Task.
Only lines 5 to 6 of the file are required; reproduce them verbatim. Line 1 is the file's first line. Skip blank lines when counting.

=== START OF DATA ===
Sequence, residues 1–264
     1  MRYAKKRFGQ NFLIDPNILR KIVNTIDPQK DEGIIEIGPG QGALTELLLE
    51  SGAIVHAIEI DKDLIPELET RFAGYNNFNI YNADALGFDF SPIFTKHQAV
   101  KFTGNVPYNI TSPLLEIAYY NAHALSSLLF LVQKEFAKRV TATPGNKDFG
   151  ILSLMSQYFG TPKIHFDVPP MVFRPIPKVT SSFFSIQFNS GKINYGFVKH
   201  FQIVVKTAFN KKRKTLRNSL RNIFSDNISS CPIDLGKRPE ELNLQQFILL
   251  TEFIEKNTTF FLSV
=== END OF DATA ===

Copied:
   151  ILSLMSQYFG TPKIHFDVPP MVFRPIPKVT SSFFSIQFNS GKINYGFVKH
   201  FQIVVKTAFN KKRKTLRNSL RNIFSDNISS CPIDLGKRPE ELNLQQFILL